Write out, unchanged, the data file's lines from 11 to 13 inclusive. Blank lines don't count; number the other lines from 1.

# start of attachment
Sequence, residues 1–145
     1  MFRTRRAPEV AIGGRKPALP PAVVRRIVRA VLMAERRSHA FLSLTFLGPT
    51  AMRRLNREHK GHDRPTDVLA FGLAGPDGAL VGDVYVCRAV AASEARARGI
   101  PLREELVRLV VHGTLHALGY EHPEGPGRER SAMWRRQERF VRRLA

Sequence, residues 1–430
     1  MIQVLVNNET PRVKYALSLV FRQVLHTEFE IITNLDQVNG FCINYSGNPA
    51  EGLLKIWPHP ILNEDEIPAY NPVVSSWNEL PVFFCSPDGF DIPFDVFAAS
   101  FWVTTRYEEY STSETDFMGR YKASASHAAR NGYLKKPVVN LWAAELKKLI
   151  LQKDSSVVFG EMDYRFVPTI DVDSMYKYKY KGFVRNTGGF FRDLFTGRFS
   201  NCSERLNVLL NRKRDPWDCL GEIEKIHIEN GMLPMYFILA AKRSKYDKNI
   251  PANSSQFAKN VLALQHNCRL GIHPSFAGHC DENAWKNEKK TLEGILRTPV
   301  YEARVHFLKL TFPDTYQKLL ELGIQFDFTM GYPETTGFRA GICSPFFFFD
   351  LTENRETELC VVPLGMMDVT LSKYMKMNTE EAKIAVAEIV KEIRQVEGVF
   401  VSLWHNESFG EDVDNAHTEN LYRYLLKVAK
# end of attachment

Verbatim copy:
   251  PANSSQFAKN VLALQHNCRL GIHPSFAGHC DENAWKNEKK TLEGILRTPV
   301  YEARVHFLKL TFPDTYQKLL ELGIQFDFTM GYPETTGFRA GICSPFFFFD
   351  LTENRETELC VVPLGMMDVT LSKYMKMNTE EAKIAVAEIV KEIRQVEGVF